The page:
Learn more about how to grow sedum plants.

Evergold Sedge. Photo by: Proven Winners.


Mod Appeal: Fountains of delicate foliage and flowers are good foils for bolder plants and add movement to thegarden. Tall grasses make living hedges; shorter grasses and sedges are tidy yet informal edging. Handsome in the garden even in their winter tans and browns.

Grasses and sedges have taken the gardening world by storm. Varieties with variegated foliage, such as Evergold sedge (Carex hachijoensis) with dark green and bright gold striped leaves are popular.

Learn more about how to grow carex plants.

Photo by: Andrea Jones.


Mod Appeal: Swiss cheese plant (Monstera deliciosa) is a robust vine in warm zones and a houseplant farther north. Used in interiors so often at midcentury that it is synonymous with the fifties. Split-leaf philodendron (Philodendron selloum) has the same architectural look but doesn’t climb.

As if the deeply split and perforated leaves weren’t striking enough, ‘Variegata’ has white markings and ‘Marmorata’, splashes of yellow.

Learn more about growing monstera plants.

Photo by: Andrew Lawson.


Mod Appeal: The modernists agreed with the Victorians on this one. Aucuba japonica has full-season interest with glossy evergreen leaves and red berries. Adaptable, easy shrub for shade.

Breeding programs have produced a plethora of variegated forms. Joining the old standby ‘Variegata’, or gold dust plant, are ‘Picturata’, ‘Mr. Goldstrike’ and ‘Pepper Pot’.

Photo by: Andrew Lawson.


Mod Appeal: A native of Japan, Fatsia japonica suits the Asian-inspired style of many modernist homes, making a bold foliage plant for the shade.

Fatsia is a familiar houseplant that has made a transition to the outdoor landscape in warmer zones. The variegated leaves of ‘Aurea’ and ‘Variegata’ create a bright spot in shady gardens. The lace-doily leaves of ‘Manchu Fan’ are intricately lobed and nearly circular.

Photo by: Jerry Pavia.


Mod Appeal: A cast-iron constitution, shade tolerance, and easy upkeep explain the appeal of smart and functional lily turf (Liriope muscari). But, like many other stalwart ground covers, it has been overexposed to the point of cliché.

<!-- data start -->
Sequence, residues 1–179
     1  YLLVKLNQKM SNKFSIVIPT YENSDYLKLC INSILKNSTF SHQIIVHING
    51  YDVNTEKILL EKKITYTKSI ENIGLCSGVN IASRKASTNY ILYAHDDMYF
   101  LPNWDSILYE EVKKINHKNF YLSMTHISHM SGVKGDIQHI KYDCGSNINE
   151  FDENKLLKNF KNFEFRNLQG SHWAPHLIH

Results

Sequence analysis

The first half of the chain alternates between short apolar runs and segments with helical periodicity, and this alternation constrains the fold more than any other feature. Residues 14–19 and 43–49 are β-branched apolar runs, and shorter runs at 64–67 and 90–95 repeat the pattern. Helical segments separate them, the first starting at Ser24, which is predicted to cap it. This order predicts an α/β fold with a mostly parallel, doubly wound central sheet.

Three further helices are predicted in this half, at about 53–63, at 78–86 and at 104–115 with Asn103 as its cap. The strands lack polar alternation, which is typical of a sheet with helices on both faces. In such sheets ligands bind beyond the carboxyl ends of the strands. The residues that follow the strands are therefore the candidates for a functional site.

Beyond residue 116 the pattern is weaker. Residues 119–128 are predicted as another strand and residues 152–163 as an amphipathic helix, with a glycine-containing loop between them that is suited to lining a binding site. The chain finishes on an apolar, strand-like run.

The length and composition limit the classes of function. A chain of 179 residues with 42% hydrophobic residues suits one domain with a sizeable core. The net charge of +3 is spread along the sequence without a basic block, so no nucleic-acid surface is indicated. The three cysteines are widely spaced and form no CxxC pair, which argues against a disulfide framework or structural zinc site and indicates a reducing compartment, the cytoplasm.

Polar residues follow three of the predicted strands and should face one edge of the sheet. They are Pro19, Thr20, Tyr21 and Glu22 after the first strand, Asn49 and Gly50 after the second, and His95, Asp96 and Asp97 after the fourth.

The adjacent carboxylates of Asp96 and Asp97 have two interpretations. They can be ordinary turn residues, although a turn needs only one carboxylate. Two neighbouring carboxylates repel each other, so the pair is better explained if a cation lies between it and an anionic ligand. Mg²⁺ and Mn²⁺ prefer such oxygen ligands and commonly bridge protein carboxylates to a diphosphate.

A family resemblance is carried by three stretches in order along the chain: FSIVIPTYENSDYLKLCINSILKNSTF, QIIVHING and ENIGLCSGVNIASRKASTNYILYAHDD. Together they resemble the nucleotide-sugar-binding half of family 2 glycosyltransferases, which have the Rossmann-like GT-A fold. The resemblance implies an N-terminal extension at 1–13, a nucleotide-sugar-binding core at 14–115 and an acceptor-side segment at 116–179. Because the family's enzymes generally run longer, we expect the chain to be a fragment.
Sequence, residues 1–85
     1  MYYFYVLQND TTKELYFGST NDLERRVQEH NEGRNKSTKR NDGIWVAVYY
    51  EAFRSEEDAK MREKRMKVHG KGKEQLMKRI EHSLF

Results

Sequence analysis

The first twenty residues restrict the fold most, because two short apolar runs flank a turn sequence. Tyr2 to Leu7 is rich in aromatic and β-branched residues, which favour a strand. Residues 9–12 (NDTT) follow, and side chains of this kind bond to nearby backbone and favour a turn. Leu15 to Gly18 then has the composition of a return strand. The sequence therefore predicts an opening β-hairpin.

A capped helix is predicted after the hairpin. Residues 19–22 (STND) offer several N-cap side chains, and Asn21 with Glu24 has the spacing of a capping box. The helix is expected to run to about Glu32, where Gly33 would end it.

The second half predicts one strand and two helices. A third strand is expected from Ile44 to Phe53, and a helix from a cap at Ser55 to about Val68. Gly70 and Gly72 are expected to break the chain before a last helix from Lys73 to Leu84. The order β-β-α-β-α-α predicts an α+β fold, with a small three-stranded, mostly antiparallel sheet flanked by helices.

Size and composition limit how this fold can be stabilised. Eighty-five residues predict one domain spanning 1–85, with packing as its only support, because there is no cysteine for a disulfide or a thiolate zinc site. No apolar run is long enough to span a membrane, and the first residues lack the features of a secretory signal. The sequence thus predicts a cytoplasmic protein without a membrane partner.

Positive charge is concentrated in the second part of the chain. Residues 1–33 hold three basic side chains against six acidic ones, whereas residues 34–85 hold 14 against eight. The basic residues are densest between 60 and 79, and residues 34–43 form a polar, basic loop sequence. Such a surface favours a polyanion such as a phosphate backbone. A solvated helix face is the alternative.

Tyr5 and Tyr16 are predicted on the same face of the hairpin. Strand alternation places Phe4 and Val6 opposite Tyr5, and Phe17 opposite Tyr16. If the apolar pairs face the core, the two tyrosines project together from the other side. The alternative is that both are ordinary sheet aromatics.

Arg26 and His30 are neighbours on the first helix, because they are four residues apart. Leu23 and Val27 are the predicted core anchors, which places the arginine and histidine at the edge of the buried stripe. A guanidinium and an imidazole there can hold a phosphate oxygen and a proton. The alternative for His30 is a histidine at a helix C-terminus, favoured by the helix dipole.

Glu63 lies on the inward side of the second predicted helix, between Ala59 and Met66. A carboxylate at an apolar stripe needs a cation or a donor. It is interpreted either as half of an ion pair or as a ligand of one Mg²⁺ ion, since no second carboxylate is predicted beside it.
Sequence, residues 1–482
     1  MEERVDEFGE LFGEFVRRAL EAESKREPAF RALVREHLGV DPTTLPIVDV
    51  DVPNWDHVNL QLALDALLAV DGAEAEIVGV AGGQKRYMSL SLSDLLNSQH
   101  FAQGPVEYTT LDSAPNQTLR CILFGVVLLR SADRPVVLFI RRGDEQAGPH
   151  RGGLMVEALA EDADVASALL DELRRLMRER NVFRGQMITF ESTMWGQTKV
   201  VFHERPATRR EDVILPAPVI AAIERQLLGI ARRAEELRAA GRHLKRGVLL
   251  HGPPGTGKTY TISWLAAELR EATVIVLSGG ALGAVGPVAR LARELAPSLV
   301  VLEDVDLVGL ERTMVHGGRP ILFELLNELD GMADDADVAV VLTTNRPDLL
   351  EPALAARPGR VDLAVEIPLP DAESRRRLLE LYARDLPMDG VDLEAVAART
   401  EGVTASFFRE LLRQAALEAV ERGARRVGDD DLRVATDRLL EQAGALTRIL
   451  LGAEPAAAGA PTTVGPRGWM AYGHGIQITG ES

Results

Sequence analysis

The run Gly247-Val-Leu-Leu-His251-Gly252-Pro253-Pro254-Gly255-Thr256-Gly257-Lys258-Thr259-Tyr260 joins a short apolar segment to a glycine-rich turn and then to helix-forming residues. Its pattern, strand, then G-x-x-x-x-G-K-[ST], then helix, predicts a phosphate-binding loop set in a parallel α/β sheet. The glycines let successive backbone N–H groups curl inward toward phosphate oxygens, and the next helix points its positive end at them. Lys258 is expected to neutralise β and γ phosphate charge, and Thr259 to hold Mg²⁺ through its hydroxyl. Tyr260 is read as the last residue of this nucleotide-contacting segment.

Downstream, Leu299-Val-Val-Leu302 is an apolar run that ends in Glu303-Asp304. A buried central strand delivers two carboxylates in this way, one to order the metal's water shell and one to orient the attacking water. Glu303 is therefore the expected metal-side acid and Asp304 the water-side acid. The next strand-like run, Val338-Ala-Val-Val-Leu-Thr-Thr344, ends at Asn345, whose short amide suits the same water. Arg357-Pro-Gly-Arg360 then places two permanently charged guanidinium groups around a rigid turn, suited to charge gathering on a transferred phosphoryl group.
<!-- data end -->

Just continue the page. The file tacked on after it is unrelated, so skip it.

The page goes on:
Liriope muscari ‘Pee Dee Ingot’, on the other hand, inspires reverence among leading-edge gardeners for its fountains of chartreuse foliage—chartreuse being the in color, along with black, for foliage fanciers today.

Watch this short video to see how a modern planting plan was put together.

The History of Mid-Century Modern Plants

Just as architects veered off in a radical new direction in the years after World War II, garden designers were throwing off the yoke of the highly ornamented, specimen-packed gardens of the late 19th and early 20th centuries. Like their architect peer group, they embraced the modern principles of simplicity, efficiency and functionality.

Christopher Tunnard, a garden designer with a teaching appointment at Harvard who had migrated from Europe to America in 1939, produced a book, Gardens in the Modern Landscape (Architectural Press, 1938), which proved to be a major influence on the Eckbo, Church, Rose generation of modernist garden designers. On planting design,Tunnard was clear: “To plant is but a part of landscape composition; to co-ordinate is all.”

For the modern landscape designer, that translated into the sparing use of plants chosen for their sculptural rather than their decorative effects. They were to be enjoyed, like abstract art, for their color, form, texture and balance. Foliage was in, flowers were out. The point was to provide a backdrop for the evolving suburban way of life. Tunnard said, “Landscape architecture is indispensable for living the good life…it is for human enjoyment in the 20th century, not for Sunday promenading in the 19th.”

The midcentury also ushered in the glory days of the American lawn, long before concerns about water conservation reached a head. Manicured turf was everywhere: subtle, monochromatic, minimal—and, if you didn’t think too much about it, it even looked low maintenance. Midcentury designers lauded the low-maintenance garden, which not only carried forward the lessons of good design, but also gave the garden back to everyman. Today’s designers tend to speak rhapsodically about native plants for similar reasons. It was a time of purposeful austerity, a time when gardens were composed of a limited plant palette, marked by the repetition of shapes and materials.

Of course some of those midcentury plants have hung around and are mainstays today—a testament to their reliability. Some have been the source of renewed interest, thanks to plant breeders who have reinvented the old favorites—coleus, for example. “New” modern plants have also entered the arena—ornamental grasses and garden varieties of American natives, such as Rudbeckia. Understanding the principles of modernist design makes it possible to fill out the contemporary plant list with species and cultivars that weren’t available 50 years ago yet are still appropriate to the philosophy. The march goes on because the lessons of good design never go out of style.